Chairman, Zinox Group, Leo Stan Ekeh and CEO, MainOne Company, Funke Opeke

Despite the licensing of four InfraCos for the Lagos zone, North-central, South-east and North-east, Nigerians are yet to feel their impact as broadband penetration remains low, writes Emma Okonji

 

 

With the global drift from voice to data communication in the telecoms sector, Nigeria saw a need to boost its broadband infrastructure and decided to license Infrastructure Companies (InfaCos), with a mandate to provide broadband infrastructure across every nook and cranny of the country that will further enhance rollout of data services. The plan was to license at least one InfraCo in each of the six geopolitical zones of the country and empower them to provide broadband infrastructure that will enhance broadband penetration in the country.

True to its promise, the Nigerian Communications Commission (NCC) in 2015, licensed two InfraCos, MainOne for Lagos zone, and IHS for North-central. In December 2017, NCC licensed additional two InfraCos, Zinox Technologies for South-east and Brinks Integrated Solutions for North-east, bringing the total number of licensed InfraCos to four.

NCC had assured Nigerians that InfraCos would address the shortfall in telecoms infrastructure in the country, especially with last mile broadband capacity transmission. It was also intended to boost broadband penetration and reduce high cost of broadband bandwidth. But many Nigerians are worried that the challenges affecting broadband rollout have not been addressed and that such challenges were adversely affecting the rollout of InfraCos services, hence they have not felt the impact of InfraCos, two years after the first set was licensed.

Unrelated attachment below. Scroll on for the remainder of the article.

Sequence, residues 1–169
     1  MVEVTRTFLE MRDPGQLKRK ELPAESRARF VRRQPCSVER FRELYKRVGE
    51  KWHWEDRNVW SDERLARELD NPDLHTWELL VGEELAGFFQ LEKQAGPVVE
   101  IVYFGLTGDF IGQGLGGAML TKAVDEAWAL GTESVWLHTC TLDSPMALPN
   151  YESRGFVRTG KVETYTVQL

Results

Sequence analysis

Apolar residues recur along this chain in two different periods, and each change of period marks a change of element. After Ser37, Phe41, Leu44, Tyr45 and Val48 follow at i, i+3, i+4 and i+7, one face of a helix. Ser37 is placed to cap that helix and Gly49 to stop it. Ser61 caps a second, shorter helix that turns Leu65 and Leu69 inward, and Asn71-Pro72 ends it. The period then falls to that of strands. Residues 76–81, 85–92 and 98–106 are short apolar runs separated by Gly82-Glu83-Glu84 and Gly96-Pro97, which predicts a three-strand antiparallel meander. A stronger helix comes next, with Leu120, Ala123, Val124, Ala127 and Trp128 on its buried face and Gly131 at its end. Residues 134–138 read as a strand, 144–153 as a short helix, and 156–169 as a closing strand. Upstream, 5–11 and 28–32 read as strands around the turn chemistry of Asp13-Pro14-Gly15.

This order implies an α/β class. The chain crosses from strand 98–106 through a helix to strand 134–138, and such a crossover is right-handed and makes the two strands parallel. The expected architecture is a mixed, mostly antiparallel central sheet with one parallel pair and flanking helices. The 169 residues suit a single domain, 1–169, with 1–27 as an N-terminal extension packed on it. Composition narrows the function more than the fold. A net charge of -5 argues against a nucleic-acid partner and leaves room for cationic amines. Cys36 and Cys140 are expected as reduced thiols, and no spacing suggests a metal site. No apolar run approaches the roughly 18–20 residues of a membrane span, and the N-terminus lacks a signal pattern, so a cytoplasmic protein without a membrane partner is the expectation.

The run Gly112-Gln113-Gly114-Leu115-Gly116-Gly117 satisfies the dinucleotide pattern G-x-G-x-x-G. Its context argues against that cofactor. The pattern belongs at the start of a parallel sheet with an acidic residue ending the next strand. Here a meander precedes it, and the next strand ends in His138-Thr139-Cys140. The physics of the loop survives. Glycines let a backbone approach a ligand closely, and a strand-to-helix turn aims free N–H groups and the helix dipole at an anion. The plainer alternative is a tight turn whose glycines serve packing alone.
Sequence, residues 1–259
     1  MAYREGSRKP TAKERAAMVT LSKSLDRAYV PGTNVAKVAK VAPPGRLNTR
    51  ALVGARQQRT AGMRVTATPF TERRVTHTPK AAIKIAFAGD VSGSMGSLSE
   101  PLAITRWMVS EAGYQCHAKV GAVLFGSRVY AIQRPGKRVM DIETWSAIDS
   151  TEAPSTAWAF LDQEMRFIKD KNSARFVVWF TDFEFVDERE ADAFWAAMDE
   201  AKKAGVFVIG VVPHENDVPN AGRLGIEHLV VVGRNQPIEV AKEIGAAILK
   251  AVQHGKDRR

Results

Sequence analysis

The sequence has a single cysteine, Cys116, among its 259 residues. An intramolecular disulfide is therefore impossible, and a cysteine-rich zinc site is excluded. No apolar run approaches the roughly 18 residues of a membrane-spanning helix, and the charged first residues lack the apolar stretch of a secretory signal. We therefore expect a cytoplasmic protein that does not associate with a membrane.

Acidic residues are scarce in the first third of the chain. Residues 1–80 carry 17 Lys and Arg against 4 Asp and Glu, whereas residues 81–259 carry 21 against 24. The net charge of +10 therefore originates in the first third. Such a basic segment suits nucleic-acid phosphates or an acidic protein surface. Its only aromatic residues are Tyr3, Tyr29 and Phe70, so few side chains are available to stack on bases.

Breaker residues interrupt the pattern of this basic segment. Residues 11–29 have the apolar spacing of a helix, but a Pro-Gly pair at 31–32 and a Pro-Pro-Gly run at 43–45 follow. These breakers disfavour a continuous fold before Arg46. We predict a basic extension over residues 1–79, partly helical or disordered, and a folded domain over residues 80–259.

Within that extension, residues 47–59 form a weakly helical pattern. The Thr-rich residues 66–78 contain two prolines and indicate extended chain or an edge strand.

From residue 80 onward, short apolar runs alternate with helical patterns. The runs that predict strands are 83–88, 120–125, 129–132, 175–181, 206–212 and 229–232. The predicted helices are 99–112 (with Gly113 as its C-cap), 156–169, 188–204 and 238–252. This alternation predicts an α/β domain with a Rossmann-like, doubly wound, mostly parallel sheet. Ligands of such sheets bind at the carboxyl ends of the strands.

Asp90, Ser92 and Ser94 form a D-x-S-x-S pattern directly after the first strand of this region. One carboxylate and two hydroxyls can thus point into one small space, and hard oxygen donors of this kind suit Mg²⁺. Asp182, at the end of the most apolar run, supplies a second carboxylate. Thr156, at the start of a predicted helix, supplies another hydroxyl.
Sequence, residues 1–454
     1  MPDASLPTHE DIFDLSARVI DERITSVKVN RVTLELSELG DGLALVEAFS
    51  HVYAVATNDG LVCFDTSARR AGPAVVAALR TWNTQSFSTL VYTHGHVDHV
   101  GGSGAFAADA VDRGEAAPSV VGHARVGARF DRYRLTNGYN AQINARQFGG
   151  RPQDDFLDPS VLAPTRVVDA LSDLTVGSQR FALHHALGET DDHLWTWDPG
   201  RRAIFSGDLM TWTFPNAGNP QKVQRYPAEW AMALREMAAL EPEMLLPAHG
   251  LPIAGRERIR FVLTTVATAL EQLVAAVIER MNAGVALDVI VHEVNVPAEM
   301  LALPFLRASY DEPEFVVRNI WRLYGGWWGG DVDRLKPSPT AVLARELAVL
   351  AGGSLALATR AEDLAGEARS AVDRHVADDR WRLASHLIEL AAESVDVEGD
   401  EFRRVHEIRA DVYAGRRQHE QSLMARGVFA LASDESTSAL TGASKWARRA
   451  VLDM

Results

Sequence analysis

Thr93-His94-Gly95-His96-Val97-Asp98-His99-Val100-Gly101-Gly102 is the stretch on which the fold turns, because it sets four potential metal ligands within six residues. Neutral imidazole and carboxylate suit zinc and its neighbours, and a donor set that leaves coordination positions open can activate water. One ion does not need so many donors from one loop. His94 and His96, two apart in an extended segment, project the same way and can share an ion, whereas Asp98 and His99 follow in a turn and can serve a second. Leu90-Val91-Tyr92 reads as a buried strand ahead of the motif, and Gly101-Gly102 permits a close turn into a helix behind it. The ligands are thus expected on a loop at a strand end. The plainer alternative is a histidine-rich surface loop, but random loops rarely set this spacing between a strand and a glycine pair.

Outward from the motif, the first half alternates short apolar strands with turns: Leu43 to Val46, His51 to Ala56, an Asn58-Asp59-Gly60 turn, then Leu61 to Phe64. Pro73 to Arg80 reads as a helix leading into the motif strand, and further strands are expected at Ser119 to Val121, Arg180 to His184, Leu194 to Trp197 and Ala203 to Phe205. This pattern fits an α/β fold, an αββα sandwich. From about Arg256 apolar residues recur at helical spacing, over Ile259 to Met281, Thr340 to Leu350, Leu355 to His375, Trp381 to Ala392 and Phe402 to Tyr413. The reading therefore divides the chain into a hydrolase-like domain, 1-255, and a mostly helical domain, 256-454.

MainOne and IHS licence in 2015

NCC in 2015 announced the licensing of the winners for the advertised bid for InfraCos, with MainOne Cable winning for the Lagos area and IHS grabbing the licence for the North-central.

The choice of MainOne and IHS seems to sit well with industry watchers as it was welcomed with applause from a cross section of the stakeholders because both are major players in the provision of infrastructure in the nation’s telecom industry.

According to NCC, the licensing of MainOne and IHS would create ubiquitous broadband for the country, which will lead to fast deployment of broadband and reduction in the cost of broadband and massive improvement in the quality of service for voice, video and data transmission.

To give effect to the broadband initiative, the NCC adopted the Open Access model for broadband deployment and rollout. According to NCC, “the model is the leading model in the world; it encompasses sharing of infrastructure and sharing of ownership. It also encompasses competition because it structures the industry into primarily two layers; the wholesalers and retailers.

“Apart from that, broadband is a development product is capable of increasing the GDP of Nigeria. It is also capable of taking Nigeria into the knowledge-based economy that the world is pursuing, It is a product that is capable of increasing the efficiency of our younger generation.  This is how we see broadband, and we see that it is something that we have to do for Nigeria to enter the 21st century properly, and if we don’t do it then we have failed. We have taken the issue of increasing broadband penetration as a priority,” NCC told Nigerians.